End of life care can be a touchy subject. Few clients want to think about their mortality, and perhaps even fewer want to put their hard-earned money towards coverage for hospice care, long-term care and medical procedures that may or may not be necessary.
For most Americans, however, it’s a safe bet to plan ahead. The last few months are usually more expensive than the preceding years, and unexpected long-term care events and uncovered medical services can easily wipe out savings and inheritances. 28 percent of the Medicare budget is spent on the last six months of recipients’ lives, according to Kaiser Health News, and the National Bureau of Economic Research found that out-of-pocket expenses average $11,618 during the last year of life. What’s more, the US Department of Health and Human Services estimates that 70 percent of people age 65 and older will receive some form of long-term care, and that the older people are, the more likely they are to need it.
What specific costs should clients consider? “One of the things I try to educate advisors and consumers about hospice and end of life care is that there are two main components,” said Ed Rich of M&O Marketing. “There’s the medical component, typically covered by Medicare and Medicaid, and there’s the room and board, which typically isn’t.” Rich’s rule of thumb is that a yearlong stay in a nursing facility will typically cost about $75,000, and that six months of inpatient hospice will cost a proportional $37,500. Of course, out-of-pocket costs to consumers vary depending on coverage and location.
As for the medical component, determining costs is usually, but not always, a matter of calculating the relevant Medicare premiums and deductibles. Medicare will cover doctor services, physical therapy and other medical costs incurred during a six-month hospice term, for instance, but it won’t pay for room and board or treatments intended to cure the diagnosed illness. In fact, hospice care isn’t covered at all for patients who seek curative treatments in addition to palliative care.
Regarding chronic conditions in general, the Center for Medicare Advocacy reports that services must be designed to improve, maintain or slow the deterioration of an individual’s condition. However, the same organization reports that “Medicare has a decades-long policy of denying coverage to people who need services which are covered by the Medicare Act on the grounds that the individuals are ‘chronic and stable’ and will not improve.” Said Angie O’Leary, senior vice president of US Bank Wealth Management, adding that Alzheimer’s and other chronic conditions, “are a financial landmine,” which can even require legal guidance for sufferers to obtain appropriate coverage.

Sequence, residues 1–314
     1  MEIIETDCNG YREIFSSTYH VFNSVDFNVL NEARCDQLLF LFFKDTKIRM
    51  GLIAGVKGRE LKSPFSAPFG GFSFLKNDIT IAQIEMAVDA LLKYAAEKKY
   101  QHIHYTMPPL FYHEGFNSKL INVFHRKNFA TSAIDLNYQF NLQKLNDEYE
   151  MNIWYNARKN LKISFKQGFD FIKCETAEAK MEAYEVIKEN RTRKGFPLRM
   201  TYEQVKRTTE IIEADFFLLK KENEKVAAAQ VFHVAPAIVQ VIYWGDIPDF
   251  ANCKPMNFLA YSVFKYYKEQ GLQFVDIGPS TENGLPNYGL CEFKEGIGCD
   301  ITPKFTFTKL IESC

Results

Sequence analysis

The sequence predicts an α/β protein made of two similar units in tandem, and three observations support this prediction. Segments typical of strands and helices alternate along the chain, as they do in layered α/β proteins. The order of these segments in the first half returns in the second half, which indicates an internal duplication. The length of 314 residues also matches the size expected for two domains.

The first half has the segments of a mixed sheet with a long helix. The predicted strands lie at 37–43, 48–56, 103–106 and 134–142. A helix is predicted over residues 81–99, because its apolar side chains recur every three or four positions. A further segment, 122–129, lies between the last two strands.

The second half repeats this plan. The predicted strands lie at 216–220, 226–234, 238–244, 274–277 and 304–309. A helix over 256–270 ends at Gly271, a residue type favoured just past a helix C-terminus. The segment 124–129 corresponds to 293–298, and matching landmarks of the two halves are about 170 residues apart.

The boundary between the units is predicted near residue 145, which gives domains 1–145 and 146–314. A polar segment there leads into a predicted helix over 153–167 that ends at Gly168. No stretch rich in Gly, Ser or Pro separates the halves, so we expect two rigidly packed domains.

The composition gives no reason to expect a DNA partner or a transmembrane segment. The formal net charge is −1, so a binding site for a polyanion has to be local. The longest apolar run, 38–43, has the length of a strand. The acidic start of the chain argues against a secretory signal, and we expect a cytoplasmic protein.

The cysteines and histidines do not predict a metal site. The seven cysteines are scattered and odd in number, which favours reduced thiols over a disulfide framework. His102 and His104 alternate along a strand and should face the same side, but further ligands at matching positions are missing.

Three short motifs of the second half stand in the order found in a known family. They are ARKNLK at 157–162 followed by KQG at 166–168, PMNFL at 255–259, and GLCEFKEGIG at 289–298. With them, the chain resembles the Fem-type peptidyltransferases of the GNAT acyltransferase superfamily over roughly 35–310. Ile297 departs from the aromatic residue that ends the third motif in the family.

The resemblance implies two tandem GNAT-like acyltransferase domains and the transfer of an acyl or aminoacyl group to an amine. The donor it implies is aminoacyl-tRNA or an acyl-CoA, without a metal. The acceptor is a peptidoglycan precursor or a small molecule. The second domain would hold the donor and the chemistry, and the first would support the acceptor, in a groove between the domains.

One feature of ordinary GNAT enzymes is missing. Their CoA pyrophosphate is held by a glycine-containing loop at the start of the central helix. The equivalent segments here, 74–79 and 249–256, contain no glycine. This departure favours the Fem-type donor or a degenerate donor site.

Fortunately, there are a few ways clients can drastically reduce their end-of-life costs, even in cases where Medicare won’t foot the bill. For Rich and his advisees, planning begins with the setting aside of a small amount of investment income. “I ask advisors to first look at a client’s overall net worth,” he said. “I then tell them to allocate about one percent of that net worth to potentially pay for the room and board type of coverage.” Assuming a conservative six percent rate of return, for instance, he would have an investors live on five percent and put the remaining one percent towards certain types of coverage.
Those coverage options primarily include life insurance policies and annuities with long-term care riders, both single premium and monthly. “One of the beauties of a life insurance policy with a rider is that the cost can never go up, so the client has a much better opportunity to know what coverage will cost over a lifetime,” said Rich. Many of today’s life insurance policies also feature terminal illness riders, which allow owners to accelerate their death benefits in the event they incur excessive end of life medical costs. Some of these riders provide additional help for a year or more, while Medicare’s hospice coverage only applies to terminal diagnoses of six months or fewer.
Overall, a combination of long-term care and terminal illness coverage can complement Medicare and reduce or eliminate the otherwise exorbitant costs of long-term care, hospice care, end-of-life medical care and the residential stays they often require. The challenge for advisors, then, is convincing their clients to buy sooner than later. “The most important thing is to have a plan in place before you have a diagnosis,” said O’Leary. “Advisors play a really critical role in educating their clients and sharing statistics. The best way to convince them is to illustrate a long-term or hospice care event in their plan, with and without insurance.” Imminent retirees may be hesitant to hike their monthly payments, but these scenarios will show them just how much money they’re protecting by planning ahead for these likely events.